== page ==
Cubicle personalised


October Pieces Of My Mind #3


Lake Kolbottensjön

  • Each member of Jrette’s class has been given the task of writing a song. They’ve got ten weeks to do it. Jrette wrote hers in the first week, including guitar chords, and is now writing for the other artists.
  • Remember 80s photo comics? Does anybody do that anymore?
  • A Shannara TV series? But why? The first novel is remarkably bad.
  • Victoria’s Secret is running an ad with the tagline “Obsessed with very sexy”. Being completely oblivious to women’s underwear, I find this silly beyond belief.
  • Mulligatawny soup means Chubby Tony soup in Swedish.
  • The archaeology journal In Situ Archaeologica has gone Open Access.
  • “De-railed”, Sw. urspårat, is a common technical term in Swedish place-name studies. It’s when the users of a place name forget completely about its original meaning and component linguistic elements, and start pronouncing it in increasingly strange and misunderstood ways. An infamous example is Hönsgärde, “Chicken Enclosure”, a hamlet between Stockholm and Uppsala, which was originally named Hidkinskialf, “Hidkin’s Ledge”.
  • Junior’s old buddy used to be this androgynous elfin child. Met him again today and found him to be tall, square-jawed and broad of shoulder. Still super pretty though.
  • Reading Carl Fredric Broocman’s 1760 book on Östergötland. Super impressed, huge amounts of info there. It’s in full on Google Books.
  • My dad is still running around happily and ably re-doing people’s kitchens and bathrooms thanks to recent advances in stroke care. This post is a joint ad for his carpentry firm and Hjärnfonden, the Swedish Brain Foundation.
  • In 1747 James Lind famously performed the first medical experiment with a placebo control wing, demonstrating that lemon juice is a quick and effective cure for scurvy. This was however already widely known, just not studied in this important new rigorous manner. And also, Europeans had known since the Middle Ages that Scurvygrass, Cochlearia officinalis, has the same property. This insight goes back so far that we know of no older name for the plant in several North European languages.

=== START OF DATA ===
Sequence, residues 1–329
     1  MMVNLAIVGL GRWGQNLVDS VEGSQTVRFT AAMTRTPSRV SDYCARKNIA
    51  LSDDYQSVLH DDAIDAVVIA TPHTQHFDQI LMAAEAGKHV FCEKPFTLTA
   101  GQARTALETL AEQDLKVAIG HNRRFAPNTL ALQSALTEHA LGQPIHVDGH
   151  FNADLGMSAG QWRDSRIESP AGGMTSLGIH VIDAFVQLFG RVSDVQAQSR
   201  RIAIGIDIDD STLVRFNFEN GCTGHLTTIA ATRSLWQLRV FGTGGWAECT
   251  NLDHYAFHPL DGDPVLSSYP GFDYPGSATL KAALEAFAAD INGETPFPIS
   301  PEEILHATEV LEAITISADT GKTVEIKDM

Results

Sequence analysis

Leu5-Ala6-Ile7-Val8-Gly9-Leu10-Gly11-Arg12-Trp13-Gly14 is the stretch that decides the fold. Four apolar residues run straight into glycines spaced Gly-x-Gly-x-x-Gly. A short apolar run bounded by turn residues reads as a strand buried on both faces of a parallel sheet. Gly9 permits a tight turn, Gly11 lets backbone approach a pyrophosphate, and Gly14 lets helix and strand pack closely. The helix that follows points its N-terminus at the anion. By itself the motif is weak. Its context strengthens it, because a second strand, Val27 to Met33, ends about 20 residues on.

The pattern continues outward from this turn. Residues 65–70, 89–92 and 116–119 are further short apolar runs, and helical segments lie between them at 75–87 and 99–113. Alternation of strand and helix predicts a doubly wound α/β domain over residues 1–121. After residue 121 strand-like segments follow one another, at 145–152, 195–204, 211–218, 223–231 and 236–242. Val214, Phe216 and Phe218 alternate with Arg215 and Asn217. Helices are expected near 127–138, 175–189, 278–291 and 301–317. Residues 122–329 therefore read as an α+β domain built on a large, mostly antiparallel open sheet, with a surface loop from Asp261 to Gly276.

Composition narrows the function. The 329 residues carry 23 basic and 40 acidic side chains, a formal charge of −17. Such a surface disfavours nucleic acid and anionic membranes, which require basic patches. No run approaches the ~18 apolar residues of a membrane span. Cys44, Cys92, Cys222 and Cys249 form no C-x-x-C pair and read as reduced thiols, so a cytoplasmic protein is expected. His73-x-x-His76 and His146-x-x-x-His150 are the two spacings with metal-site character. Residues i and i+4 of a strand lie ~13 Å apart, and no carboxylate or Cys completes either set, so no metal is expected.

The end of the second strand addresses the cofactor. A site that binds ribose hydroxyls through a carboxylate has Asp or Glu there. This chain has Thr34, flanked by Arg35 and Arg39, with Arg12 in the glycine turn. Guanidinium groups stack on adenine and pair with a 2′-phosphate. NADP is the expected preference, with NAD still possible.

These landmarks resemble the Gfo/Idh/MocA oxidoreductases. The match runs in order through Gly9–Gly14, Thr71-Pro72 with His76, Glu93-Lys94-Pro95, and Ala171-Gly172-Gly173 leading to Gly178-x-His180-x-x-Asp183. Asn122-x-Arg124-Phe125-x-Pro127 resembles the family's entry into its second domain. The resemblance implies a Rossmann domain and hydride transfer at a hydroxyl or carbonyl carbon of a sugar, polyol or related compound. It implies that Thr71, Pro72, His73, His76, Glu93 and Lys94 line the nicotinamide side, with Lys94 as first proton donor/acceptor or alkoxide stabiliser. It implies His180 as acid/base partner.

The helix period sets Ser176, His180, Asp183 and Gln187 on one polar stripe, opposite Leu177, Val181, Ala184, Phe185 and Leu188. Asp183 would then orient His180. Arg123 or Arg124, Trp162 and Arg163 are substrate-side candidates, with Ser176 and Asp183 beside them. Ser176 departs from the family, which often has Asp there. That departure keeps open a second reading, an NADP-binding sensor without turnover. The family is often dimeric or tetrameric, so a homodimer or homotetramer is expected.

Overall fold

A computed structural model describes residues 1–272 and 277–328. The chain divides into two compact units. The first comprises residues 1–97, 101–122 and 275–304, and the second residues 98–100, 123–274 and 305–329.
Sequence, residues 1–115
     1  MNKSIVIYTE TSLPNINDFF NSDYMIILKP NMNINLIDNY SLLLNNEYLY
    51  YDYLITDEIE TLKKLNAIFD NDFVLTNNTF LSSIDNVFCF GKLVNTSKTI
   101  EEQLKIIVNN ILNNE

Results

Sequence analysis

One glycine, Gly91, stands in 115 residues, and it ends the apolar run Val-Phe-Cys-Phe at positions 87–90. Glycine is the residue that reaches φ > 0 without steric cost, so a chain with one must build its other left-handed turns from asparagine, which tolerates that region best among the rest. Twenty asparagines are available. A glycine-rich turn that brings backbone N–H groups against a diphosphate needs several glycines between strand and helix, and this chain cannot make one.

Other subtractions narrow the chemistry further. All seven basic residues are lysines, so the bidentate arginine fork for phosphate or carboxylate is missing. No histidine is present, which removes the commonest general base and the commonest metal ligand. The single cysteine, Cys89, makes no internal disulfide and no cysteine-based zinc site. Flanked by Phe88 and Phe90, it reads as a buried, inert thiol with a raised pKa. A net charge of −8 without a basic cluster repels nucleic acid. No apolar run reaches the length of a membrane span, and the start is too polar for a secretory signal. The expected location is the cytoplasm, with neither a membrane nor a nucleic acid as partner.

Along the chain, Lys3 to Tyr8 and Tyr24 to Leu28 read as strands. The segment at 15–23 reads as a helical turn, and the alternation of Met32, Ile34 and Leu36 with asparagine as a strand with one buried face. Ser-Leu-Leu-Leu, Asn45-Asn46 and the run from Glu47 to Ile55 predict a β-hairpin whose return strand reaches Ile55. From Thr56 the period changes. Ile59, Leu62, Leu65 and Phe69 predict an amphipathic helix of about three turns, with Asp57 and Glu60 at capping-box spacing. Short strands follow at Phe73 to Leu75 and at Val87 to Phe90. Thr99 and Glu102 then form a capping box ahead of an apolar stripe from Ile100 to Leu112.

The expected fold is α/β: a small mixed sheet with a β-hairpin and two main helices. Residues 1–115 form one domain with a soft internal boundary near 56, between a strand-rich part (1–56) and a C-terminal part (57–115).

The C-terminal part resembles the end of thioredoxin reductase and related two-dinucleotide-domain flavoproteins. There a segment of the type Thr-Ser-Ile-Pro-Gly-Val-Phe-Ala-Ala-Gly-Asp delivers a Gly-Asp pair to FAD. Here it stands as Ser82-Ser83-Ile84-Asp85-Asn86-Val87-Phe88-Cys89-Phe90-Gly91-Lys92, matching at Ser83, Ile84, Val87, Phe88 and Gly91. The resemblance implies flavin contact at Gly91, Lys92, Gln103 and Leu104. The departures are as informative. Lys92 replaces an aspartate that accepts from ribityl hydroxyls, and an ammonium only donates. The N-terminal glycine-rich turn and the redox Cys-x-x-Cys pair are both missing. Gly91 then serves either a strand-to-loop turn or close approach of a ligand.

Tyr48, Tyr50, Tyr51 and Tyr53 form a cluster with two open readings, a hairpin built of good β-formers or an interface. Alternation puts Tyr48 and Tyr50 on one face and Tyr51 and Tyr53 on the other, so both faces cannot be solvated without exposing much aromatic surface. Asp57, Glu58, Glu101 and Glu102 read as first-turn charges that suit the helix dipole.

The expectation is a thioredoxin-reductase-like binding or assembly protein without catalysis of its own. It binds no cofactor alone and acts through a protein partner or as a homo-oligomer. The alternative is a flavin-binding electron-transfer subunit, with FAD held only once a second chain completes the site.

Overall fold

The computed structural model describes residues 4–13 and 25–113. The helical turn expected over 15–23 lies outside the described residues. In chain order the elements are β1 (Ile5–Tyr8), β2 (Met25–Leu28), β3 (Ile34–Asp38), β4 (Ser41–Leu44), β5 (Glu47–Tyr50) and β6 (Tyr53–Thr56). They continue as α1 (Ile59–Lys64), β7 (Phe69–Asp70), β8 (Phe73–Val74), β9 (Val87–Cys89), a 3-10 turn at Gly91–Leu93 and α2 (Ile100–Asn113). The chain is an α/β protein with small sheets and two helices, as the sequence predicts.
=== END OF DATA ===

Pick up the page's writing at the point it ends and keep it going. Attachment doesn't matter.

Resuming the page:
• I give some money to a hostel for the homeless in my home town around this time every year.
  • Rushdie’s Midnight’s Children has a pretty big cast of characters. I wish I were reading it on the Kindle so I could search the text.
  • The earliest mention of tarring and feathering as a punishment is from 12th century England. It’s in Scandinavian Medieval law codes too, Frostathingsloven and Bjärköarätten.
  • Saturday morning: woke at seven to solid darkness and rain. Spirit buoyed by tea and the news of Mueller’s first indictments.
  • Like almost all Swedes my age, I have large vaccination scars on my left thigh and left shoulder. Also, my upper front teeth are unnaturally even. My body is full of bioarchaeological evidence for social healthcare practises about AD 1980.
  • The “Alouette” song is nothing but a long string of graphic violent threats against larks.
  • Hey young folks. Just admit that your half-socks are ridiculously impractical, OK?
  • Movie: Bladerunner 2049. Super pretty, plot confused but not offensively stupid. Grade: OK.
  • How hard would it be for replicants to discover independently of Deckard that they are fertile? Duh.

Second bloom, October rose


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October Pieces Of My Mind #2


Playing Tigris & Euphrates

  • Jrette complains about inept class mates in home economics class. I’m proud to have raised kids who know how to do stuff.